U of Alberta: Moccasins for President Flanagan
The Scope and Work of the Moccasins
The making of President Flanagan’s moccasins was a collaborative effort between two employees at the Faculty of Native Studies, Janet Delorme and Lana R. Sinclair. Janet took the lead on beading the vamps for the president, and Lana assembled the soles and vamps to make the moccasins.
The beading design of a bear and bear’s paw are a tribute to the University of Alberta. President Flanagan’s work in support of HIV/AIDS research and initiatives inspired the other features of the beadwork. The design features the Red Ribbon, and incorporates colours from the Pride flag.
These northern style moccasins are made with moosehide harvested by an Indigenous company with beaver lined trim with a shearling lining for extra warmth.
The gifting of moccasins has a long history, and is a traditional way to honour a person during important events. The gift of moccasins symbolizes the beginning of a new journey that the person is embarking on. They encourage their wearer to walk in a good way and on a good path. These moccasins for President Flanagan and his husband, Saffron Sri, are also practical — they will hopefully help keep their feet warm as they acclimatize to our Edmonton winters!
Janet Delorme, Reception, Faculty of Native Studies
Oki Napi, my name is Janet Delorme. I am a Blood tribe member from Southern Alberta. I am blessed with three children, of whom two are adults and my youngest is 20 years younger than his older siblings. I am a grandmother of four, as well as a kinship parent.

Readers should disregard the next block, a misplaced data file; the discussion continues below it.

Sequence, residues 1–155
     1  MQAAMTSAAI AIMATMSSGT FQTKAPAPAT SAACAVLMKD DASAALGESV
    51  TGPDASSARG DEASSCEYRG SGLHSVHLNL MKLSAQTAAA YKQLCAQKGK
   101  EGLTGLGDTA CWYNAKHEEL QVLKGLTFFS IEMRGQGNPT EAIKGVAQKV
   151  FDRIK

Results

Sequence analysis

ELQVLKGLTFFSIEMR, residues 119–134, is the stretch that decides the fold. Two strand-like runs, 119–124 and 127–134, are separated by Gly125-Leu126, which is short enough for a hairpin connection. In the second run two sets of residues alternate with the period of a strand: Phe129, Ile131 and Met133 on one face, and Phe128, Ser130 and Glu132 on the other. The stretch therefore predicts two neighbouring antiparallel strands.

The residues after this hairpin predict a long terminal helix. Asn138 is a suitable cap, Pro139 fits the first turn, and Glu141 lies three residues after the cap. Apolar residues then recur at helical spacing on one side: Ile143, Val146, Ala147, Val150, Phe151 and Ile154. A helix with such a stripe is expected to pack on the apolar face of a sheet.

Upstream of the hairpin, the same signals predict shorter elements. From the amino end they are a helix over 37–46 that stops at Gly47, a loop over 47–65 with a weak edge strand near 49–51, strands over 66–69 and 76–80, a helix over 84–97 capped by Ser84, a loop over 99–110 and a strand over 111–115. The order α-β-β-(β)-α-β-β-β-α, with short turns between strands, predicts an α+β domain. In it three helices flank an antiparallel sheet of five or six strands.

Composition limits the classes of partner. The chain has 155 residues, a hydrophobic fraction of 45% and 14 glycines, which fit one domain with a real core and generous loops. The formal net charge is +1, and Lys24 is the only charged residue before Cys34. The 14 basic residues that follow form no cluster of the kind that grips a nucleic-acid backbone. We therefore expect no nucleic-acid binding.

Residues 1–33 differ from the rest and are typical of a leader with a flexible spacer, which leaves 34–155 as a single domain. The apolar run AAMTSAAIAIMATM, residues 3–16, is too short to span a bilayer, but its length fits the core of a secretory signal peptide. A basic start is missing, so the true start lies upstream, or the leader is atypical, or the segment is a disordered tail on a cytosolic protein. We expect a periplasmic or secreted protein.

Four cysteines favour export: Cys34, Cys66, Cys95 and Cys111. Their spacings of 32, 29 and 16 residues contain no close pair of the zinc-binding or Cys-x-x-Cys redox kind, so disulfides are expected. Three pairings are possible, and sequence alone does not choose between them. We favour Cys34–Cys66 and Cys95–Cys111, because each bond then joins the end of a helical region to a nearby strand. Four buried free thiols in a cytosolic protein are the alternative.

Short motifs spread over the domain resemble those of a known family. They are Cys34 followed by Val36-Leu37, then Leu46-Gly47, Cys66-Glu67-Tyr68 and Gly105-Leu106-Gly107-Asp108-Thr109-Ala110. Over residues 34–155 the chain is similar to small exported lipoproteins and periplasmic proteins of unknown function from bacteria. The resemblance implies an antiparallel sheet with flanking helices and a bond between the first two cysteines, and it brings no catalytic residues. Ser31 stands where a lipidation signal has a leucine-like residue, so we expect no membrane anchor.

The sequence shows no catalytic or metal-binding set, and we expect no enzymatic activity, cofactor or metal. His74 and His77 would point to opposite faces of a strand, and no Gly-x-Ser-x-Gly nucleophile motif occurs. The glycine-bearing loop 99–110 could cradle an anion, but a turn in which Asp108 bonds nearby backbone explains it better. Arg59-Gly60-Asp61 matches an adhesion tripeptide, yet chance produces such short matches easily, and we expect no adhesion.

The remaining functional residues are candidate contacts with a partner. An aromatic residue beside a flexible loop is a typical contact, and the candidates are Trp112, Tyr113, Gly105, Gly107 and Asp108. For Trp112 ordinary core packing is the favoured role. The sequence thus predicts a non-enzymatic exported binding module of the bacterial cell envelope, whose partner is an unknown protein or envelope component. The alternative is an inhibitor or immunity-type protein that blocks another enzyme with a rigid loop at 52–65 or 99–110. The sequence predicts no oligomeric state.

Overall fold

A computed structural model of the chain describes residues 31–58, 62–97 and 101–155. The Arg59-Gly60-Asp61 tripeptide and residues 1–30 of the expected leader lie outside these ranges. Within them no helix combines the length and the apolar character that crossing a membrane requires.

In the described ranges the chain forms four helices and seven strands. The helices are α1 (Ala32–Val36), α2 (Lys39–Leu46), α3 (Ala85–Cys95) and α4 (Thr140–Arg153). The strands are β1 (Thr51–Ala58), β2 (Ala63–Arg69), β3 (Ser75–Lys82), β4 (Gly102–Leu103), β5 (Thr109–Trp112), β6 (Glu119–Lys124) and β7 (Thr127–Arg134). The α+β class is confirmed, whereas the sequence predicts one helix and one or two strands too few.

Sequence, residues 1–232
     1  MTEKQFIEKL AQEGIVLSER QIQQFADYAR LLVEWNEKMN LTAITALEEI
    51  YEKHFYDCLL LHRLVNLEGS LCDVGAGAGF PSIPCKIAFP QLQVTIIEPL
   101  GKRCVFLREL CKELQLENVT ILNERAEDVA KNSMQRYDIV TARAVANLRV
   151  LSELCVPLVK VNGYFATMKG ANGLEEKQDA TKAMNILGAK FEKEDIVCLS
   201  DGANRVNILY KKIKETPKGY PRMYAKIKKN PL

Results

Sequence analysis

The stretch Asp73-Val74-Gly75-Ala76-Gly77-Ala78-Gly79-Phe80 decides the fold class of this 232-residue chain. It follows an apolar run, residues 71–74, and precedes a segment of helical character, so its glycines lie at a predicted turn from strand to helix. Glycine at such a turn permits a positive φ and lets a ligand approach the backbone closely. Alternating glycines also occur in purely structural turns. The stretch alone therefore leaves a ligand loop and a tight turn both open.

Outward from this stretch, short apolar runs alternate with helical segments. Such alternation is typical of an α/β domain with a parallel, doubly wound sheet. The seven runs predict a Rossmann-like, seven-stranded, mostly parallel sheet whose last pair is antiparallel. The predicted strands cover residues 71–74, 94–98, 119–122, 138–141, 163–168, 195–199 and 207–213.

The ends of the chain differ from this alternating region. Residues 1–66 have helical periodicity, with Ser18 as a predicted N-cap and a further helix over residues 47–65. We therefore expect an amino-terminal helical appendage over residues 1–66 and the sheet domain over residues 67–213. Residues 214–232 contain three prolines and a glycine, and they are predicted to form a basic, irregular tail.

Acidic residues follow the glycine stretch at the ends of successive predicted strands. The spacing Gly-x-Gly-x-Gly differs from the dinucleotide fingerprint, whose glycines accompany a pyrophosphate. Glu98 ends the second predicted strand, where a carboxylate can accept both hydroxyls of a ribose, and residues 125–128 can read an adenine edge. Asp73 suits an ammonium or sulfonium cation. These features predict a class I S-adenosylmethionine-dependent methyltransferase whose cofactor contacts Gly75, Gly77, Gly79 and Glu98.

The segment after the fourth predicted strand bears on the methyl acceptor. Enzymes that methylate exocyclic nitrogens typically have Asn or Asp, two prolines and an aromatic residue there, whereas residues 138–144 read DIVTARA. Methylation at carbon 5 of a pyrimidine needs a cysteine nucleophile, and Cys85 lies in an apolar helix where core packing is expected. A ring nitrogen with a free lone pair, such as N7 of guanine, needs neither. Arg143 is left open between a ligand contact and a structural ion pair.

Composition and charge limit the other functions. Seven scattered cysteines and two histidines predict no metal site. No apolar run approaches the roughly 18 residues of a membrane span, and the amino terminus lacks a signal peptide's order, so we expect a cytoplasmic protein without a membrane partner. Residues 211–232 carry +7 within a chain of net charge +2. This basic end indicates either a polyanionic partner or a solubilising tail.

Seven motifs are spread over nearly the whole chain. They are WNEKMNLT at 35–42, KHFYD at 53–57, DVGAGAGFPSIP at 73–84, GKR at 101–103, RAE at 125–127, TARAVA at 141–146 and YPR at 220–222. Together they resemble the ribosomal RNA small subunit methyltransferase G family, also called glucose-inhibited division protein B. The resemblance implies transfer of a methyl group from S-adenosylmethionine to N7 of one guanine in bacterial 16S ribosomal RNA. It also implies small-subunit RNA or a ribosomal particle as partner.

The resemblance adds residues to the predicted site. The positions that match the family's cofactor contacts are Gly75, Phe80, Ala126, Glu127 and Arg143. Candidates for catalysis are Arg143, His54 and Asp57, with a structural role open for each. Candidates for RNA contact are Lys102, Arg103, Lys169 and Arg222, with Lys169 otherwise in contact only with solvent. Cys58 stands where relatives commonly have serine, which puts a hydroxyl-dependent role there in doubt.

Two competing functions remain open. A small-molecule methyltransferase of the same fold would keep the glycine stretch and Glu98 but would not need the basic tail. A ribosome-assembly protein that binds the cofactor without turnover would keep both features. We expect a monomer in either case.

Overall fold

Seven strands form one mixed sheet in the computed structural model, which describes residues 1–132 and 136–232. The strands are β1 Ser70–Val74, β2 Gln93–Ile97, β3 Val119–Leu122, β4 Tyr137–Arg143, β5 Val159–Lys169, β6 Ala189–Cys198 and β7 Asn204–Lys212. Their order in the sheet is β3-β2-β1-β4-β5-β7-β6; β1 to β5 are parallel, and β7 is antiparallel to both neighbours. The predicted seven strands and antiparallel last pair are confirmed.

I have been a public servant for over 20 years, I started with the University of Alberta in 1998, worked with the Government of Alberta for several years, then returned back to the U of A in 2018. I can proudly say my life is full circle and as I continue my journey working with the Faculty of Native Studies. I have the ability to share, grow, learn and experience everything Indigenous. I can truly say life is good and the Creator has blessed me with this glorious path.
Lana R. Sinclair, Executive Assistant, Faculty of Native Studies
Lana R. Sinclair is of Cree and Ojibway descent and is from Peguis First Nations in Treaty 1 territory in Manitoba. She currently resides on Treaty 6 territory in Edmonton, Alberta with her son Daniel and husband Pedro.
She was introduced to beading when First People’s House, then Aboriginal Student Services Centre, looked for volunteers to bead the quill of eagle feathers for convocation.There began her journey into the traditional arts which she considers therapeutic and healing, good medicine for the soul.
She has been with the University of Alberta since 1992 in what was then called the School of Native Studies and is now the Faculty of Native Studies. For her, Native Studies is her extended family and she very much enjoys her work and the people she works with.